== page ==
The U.S. Food and Drug Administration plans to investigate whether an inhalable caffeine product is safe for consumers, after going on sale in January.

Breathable Foods announced its official launch of the pocket-sized AeroShot late last month in Boston and New York, and is also available in France.

Each lip-stick sized inhaler cartridge costs $2.99 is good for six to eight puffs and can be bought at convenience, liquor or online shops. The caffeine inhaler works by pressing the grey and yellow plastic canister to the mouth and pushing down the button, to release a powdery gust of 100 milligrams of caffeine powder, equivalent to the amount in a large cup of coffee, B vitamins, and niacin.

Inventor David Edwards said that the inhalant is safe, and is like caffeine without beverages or pills. Edwards also mentioned that the inhalant does not contain additives like taurine which is commonly used in energy drinks like Red Bull to amplify the stimulating effect of caffeine.

However, U.S. lawmakers have questioned the safety of the product, and while the product didn’t require FDA clearance because it was classified as a dietary supplement New York Democratic Senator Charles Schumer called on the FDA to review the inhalant, fearing that it will be abused by young people and club-goers when drinking alcohol.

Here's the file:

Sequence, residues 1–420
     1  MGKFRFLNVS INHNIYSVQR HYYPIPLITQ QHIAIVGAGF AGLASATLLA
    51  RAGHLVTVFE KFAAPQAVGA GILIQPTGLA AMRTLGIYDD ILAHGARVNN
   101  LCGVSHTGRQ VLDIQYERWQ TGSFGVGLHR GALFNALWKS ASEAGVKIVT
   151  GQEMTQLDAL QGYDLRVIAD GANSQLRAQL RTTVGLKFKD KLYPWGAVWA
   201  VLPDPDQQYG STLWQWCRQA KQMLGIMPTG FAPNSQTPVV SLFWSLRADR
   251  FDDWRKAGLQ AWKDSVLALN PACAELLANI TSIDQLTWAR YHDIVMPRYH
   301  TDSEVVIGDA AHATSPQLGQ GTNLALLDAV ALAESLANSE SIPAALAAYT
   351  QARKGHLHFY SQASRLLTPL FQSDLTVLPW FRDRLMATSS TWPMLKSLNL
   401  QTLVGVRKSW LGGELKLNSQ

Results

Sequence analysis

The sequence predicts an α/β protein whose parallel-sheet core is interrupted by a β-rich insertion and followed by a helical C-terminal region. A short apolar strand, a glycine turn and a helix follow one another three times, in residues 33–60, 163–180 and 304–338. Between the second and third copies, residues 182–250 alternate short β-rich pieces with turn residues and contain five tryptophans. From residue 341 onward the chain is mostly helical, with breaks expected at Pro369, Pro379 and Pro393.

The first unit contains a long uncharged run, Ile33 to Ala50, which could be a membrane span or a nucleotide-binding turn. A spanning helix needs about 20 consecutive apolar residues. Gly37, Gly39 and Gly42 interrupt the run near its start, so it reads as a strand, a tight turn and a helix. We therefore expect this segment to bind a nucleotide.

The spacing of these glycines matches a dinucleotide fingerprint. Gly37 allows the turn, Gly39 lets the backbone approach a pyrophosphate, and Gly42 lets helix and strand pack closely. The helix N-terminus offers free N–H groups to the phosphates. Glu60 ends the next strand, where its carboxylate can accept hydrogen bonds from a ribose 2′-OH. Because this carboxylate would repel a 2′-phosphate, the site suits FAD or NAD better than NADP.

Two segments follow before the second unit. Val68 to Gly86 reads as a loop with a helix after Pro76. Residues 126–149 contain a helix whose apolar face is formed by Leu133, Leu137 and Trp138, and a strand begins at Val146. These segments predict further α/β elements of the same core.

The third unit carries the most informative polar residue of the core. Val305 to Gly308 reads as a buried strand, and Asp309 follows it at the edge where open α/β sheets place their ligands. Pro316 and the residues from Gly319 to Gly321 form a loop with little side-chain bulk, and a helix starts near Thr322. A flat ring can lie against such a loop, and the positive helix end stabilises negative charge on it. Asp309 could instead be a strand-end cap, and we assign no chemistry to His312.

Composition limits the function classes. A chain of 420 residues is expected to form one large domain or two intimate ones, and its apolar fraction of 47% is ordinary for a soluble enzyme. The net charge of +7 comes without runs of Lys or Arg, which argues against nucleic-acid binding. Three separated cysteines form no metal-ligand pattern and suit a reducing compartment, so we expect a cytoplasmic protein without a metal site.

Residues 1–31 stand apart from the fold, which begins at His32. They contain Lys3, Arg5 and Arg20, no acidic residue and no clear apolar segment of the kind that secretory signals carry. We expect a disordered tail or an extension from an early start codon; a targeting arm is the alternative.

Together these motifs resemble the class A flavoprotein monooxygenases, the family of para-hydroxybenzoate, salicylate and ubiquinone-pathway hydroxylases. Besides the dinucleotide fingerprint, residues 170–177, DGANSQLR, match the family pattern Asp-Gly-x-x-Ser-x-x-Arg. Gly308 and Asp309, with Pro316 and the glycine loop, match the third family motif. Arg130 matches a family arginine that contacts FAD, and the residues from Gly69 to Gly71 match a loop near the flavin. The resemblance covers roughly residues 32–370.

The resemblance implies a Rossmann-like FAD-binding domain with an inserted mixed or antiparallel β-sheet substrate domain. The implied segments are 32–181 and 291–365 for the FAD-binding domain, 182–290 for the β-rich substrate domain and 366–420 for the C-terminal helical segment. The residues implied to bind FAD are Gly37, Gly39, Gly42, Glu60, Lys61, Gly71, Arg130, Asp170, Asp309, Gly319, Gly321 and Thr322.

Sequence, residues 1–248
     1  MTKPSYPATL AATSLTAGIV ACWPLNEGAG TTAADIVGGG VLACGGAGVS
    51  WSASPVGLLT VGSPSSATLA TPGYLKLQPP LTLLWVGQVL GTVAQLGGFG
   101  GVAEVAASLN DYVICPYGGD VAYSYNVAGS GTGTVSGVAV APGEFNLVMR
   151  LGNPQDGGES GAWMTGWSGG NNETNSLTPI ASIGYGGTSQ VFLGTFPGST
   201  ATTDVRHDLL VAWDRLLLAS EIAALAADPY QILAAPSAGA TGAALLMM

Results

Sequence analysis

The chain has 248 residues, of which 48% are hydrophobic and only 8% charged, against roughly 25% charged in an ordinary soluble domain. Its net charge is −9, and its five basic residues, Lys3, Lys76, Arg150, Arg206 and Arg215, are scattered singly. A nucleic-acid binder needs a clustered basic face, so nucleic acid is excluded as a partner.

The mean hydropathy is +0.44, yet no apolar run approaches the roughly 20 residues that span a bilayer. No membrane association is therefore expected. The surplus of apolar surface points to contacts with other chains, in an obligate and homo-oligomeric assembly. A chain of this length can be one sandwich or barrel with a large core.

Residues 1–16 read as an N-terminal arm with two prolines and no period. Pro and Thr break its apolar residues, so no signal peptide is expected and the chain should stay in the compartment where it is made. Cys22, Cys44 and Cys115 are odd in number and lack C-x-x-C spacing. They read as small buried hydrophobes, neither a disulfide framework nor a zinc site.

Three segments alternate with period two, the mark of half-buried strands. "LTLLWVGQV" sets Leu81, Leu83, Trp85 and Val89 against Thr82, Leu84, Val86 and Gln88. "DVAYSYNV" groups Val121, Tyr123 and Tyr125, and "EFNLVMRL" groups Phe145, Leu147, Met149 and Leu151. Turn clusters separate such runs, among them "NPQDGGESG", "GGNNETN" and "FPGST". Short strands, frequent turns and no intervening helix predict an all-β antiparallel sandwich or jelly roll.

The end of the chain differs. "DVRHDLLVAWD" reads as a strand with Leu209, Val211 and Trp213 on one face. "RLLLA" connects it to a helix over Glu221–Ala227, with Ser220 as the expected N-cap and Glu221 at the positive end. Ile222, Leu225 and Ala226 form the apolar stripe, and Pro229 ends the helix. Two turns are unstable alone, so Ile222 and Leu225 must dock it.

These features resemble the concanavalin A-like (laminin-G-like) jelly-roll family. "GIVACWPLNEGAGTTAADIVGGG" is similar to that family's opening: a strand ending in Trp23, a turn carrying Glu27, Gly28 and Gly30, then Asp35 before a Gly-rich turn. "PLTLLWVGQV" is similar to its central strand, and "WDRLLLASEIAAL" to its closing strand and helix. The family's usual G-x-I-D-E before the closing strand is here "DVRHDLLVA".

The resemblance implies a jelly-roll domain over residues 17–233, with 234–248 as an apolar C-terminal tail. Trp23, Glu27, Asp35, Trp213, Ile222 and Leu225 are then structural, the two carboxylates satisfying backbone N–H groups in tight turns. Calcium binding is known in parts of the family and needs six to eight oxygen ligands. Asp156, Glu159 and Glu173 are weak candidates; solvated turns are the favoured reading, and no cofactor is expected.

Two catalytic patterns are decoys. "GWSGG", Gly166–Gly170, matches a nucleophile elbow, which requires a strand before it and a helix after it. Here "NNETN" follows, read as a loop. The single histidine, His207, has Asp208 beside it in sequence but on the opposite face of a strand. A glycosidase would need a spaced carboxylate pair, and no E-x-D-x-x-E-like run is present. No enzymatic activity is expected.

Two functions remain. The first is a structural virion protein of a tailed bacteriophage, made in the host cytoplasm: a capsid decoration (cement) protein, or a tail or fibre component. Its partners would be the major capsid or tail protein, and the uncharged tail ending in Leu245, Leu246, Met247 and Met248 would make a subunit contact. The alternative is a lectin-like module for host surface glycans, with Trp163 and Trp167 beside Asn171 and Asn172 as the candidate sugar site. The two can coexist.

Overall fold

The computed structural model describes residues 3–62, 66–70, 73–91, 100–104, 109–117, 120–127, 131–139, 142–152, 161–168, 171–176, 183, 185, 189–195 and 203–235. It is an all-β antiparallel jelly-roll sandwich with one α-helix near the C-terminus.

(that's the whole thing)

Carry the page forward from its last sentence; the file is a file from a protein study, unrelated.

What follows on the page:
FDA considers "dietary supplements" to be products like vitamin C pills at the drug store, some weight loss products and certain energy drinks.

The company making dietary supplements is responsible "for determining that the dietary supplements it manufactures or distributes are safe and that any representations or claims made about them are substantiated by adequate evidence to show that they are not false or misleading," according to the FDA website.

"The truth is, AeroShot is nothing more than a club drug or a party enhancer, designed to give the user the ability to drink until they drop," Sen. Schumer said in a press conference in December 2011 before the caffeine inhalant hit New York stores.

The FDA said it will review information about the product and respond to Sen. Schumer directly.

"The bottom line is this product asks more questions than we have answers and to have it on our shelves before those questions are answered is a serious, serious, serious mistake," he said in a news conference Sunday.

The FDA rarely prohibits a supplement, but the agency had banned the sale of the diet supplement Ephedra in 2004 after deaths and other serious side effects had been reported.